Canada’s Minister of Foreign Affairs said it does not recognize the results of Venezuela’s Dec. 6 election, which will likely give dictator Nicolás Maduro sway to the last major branch of government independent of his control.
“Canada does not recognize the results of Venezuela’s December 6 electoral process because the process did not meet the minimum conditions for a free and fair exercise of democracy,” Minister of Foreign Affairs François-Philippe Champagne said in a statement on Sunday.
“Free and fair elections can only occur when democratic rights are fully respected. We continue to call for a peaceful democratic transition and for free and fair presidential elections,” he said. “Canada will always stand with the people of Venezuela in their fight to restore democracy.”
Champagne’s announcement is supported by Michael Chong, MP for Wellington-Halton Hills.
“Conservatives do not recognize the results of the illegitimate December 6th election in Venezuela. We continue to stand with the people of Venezuela in their fight for democracy and free and fair elections,” Chong said in a statement on Twitter.
Maduro’s United Socialist Party of Venezuela and allied parties claimed a sweeping victory on Sunday, gaining 67 seats in the National Assembly, according to Indira Alfonzo, the president of Venezuela’s National Electoral Council. She said only 31 percent of the 20 million eligible voters participated in this election.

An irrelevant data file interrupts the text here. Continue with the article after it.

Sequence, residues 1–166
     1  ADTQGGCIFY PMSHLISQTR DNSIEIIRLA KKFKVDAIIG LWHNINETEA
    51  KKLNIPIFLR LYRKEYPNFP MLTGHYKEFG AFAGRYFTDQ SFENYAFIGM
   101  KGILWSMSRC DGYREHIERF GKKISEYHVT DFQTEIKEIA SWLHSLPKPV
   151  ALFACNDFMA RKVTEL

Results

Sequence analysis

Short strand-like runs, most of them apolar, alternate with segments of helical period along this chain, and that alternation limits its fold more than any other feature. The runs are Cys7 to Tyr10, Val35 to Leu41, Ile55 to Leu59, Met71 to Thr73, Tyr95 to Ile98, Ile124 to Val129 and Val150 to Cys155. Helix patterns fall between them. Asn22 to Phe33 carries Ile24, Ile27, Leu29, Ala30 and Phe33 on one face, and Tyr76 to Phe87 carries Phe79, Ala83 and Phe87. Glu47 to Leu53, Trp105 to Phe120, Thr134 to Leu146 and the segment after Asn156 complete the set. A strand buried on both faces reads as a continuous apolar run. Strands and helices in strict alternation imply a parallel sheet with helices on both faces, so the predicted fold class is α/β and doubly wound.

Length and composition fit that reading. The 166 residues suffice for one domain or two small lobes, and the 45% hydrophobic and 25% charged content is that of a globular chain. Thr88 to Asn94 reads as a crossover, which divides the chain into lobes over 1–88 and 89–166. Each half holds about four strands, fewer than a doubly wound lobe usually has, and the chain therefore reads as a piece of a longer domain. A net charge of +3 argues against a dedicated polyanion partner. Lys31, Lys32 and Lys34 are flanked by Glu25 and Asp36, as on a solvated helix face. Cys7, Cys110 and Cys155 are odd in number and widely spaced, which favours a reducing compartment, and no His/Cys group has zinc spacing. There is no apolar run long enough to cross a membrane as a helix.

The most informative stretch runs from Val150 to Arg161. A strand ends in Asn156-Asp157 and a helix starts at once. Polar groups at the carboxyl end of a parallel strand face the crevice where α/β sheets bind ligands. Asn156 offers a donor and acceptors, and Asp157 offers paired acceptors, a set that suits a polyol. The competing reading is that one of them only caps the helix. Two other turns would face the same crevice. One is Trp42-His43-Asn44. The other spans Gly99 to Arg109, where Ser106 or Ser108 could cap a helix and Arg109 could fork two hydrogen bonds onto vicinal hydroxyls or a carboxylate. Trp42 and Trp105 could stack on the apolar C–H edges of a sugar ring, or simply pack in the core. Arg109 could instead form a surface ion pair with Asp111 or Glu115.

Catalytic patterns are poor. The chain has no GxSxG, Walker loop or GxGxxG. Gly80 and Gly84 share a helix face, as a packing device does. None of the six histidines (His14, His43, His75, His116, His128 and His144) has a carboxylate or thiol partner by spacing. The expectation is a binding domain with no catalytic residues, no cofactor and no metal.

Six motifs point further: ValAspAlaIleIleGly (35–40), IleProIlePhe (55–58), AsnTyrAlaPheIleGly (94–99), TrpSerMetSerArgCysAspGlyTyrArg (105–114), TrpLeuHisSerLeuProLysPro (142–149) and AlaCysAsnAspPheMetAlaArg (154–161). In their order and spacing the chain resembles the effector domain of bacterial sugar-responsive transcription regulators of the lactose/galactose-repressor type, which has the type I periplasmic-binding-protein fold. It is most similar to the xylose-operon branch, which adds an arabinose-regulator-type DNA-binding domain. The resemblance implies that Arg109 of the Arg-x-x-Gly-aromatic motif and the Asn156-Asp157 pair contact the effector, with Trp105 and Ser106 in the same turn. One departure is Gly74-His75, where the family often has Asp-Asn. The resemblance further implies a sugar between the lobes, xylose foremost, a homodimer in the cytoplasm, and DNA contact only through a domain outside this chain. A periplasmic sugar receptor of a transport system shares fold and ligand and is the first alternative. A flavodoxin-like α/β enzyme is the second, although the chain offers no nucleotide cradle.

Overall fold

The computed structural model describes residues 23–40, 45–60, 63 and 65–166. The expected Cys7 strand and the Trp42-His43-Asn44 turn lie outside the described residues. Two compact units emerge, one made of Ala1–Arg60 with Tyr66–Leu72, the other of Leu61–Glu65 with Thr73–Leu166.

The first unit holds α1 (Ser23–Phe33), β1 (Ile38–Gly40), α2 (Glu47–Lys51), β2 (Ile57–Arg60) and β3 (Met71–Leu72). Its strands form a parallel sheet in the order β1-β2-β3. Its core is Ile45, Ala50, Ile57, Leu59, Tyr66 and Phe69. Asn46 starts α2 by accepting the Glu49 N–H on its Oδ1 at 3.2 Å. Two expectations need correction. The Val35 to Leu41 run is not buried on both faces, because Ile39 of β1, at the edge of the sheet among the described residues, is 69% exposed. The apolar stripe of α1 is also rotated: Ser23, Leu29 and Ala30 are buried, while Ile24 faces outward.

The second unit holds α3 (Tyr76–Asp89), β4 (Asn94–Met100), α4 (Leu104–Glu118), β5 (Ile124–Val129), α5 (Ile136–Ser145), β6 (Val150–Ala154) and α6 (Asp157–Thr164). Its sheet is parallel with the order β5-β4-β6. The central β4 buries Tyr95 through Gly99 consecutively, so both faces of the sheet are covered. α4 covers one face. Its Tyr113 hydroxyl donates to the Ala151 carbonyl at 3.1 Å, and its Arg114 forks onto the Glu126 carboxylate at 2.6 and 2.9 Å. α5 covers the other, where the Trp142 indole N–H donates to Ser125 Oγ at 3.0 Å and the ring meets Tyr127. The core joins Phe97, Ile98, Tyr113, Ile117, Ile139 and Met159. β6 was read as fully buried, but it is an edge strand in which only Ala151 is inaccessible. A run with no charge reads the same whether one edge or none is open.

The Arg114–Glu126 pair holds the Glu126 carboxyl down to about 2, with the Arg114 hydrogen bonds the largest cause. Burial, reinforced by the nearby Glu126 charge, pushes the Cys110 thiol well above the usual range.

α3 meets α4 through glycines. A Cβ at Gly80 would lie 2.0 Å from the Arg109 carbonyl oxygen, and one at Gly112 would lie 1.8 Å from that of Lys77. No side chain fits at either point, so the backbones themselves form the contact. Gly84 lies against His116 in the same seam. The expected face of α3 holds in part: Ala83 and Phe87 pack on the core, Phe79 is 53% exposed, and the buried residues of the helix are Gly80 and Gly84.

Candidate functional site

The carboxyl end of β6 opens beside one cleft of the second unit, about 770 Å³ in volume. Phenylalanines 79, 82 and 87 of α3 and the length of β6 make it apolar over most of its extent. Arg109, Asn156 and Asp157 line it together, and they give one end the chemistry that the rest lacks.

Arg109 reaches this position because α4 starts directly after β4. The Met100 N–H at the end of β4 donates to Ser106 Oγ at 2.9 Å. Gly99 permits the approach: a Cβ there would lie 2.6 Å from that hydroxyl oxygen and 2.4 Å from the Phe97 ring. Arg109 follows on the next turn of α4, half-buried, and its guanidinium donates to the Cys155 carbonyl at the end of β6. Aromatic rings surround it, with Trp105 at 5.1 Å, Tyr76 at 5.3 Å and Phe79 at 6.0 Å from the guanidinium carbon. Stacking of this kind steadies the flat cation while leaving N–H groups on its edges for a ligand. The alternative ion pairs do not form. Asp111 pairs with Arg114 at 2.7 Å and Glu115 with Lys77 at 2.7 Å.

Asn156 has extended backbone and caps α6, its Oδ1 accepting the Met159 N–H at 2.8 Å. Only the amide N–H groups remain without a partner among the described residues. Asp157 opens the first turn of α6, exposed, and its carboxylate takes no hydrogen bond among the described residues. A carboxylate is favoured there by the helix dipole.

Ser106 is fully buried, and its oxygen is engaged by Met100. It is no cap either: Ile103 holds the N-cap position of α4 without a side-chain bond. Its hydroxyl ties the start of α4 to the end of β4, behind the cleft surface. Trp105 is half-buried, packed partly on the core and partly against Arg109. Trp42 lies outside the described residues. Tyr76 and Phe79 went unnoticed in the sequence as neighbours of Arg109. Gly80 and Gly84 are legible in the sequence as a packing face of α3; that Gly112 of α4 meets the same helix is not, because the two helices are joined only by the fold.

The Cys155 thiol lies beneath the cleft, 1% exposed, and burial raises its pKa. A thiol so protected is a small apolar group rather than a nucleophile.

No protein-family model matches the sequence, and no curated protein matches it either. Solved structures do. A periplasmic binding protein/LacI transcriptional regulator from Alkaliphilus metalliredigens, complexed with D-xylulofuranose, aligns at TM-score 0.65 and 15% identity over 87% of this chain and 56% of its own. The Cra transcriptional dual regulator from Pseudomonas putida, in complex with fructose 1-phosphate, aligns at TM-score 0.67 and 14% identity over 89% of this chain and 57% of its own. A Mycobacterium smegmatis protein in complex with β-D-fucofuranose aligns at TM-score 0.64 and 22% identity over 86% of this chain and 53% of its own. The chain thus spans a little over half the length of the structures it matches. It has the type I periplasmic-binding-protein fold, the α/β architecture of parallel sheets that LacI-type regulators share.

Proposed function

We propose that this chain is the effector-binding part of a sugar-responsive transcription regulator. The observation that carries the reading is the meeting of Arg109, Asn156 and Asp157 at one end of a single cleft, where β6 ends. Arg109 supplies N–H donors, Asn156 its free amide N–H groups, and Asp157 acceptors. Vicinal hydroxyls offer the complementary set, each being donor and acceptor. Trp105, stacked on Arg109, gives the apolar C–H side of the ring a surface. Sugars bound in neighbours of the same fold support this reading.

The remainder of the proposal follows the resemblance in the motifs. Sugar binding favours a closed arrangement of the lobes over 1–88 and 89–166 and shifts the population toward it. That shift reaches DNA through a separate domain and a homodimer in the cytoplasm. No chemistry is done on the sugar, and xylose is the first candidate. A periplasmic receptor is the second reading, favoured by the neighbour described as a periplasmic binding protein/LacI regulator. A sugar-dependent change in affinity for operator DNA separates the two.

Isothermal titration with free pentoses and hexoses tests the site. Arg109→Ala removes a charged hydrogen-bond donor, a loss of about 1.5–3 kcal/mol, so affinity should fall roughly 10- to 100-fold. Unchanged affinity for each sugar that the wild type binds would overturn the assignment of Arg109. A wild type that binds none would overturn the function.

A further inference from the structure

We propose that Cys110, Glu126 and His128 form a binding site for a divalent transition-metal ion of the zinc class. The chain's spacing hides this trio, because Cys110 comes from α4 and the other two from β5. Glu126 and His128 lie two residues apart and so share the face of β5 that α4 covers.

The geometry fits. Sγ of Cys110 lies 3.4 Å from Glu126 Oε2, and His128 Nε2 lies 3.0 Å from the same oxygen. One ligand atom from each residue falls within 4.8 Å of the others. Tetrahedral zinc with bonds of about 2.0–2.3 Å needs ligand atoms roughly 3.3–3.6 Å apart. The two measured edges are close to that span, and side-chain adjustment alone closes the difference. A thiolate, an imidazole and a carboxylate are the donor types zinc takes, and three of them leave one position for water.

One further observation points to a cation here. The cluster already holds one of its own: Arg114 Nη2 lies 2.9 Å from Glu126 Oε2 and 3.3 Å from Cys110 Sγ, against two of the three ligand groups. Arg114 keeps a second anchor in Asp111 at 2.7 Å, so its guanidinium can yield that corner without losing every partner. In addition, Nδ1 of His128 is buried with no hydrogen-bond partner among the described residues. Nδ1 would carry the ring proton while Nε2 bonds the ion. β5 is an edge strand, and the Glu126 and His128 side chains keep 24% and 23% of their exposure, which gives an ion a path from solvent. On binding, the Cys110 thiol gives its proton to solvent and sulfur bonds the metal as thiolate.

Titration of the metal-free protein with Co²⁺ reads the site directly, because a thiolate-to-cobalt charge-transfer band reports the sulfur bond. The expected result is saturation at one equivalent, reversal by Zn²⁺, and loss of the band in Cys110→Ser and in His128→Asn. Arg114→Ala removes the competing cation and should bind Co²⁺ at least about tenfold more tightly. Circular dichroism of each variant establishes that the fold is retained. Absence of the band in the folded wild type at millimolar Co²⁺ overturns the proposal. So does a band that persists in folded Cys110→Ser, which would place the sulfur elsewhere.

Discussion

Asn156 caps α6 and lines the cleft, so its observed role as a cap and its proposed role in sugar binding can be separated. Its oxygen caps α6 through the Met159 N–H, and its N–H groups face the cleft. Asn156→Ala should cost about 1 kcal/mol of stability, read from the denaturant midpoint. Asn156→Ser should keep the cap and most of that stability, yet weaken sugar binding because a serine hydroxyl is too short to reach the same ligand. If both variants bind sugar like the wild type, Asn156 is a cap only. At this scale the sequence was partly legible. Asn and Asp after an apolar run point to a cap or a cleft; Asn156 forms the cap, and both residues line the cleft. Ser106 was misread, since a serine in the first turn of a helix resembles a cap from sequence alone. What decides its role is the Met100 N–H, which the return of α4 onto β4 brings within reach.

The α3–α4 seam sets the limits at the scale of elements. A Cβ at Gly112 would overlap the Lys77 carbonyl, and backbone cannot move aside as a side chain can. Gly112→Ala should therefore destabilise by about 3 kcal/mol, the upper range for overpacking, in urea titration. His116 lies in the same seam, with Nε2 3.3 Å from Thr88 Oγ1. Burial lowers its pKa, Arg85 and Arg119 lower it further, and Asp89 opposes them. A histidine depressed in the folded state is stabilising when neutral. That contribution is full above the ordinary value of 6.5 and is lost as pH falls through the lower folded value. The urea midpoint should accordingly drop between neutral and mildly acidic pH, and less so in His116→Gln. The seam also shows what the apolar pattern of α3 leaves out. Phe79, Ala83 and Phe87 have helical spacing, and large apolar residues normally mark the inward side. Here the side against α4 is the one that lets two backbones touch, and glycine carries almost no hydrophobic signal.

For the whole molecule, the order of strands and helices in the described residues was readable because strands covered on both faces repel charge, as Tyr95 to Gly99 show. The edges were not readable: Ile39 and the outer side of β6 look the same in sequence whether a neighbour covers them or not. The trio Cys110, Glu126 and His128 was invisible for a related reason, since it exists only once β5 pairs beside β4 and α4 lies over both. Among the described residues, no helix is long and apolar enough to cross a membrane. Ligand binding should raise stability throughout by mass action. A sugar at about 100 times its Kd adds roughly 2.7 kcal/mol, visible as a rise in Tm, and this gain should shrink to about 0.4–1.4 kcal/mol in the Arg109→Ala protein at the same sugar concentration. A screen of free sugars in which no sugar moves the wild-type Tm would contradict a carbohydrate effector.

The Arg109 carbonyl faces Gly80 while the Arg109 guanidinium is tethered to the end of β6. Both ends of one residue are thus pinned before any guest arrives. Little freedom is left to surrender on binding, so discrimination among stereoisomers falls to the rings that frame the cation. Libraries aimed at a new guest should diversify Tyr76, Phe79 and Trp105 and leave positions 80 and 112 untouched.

“Venezuela’s electoral fraud has already been committed. The results announced by the illegitimate Maduro regime will not reflect the will of the Venezuelan people. What’s happening today is a fraud and a sham, not an election,” said U.S. Secretary of State Mike Pompeo in a statement on Monday.
“If the dictatorship was looking for some kind of legitimacy with that farce, the world’s response is already clear,” said Juan Guaido, the opposition leader and National Assembly speaker, on Twitter.
Guaido led an opposition coalition Democratic Unity Roundtable to boycott the vote, calling the election a fraud in a video announcement on Sunday. Guaido proclaimed himself as Venezuela’s interim leader under the South American country’s constitution when Maduro had won in the arbitrary 2018 presidential election.
The opposition movement plans to hold a referendum after the election, asking Venezuelans whether they wish to end Maduro’s government and hold new presidential elections.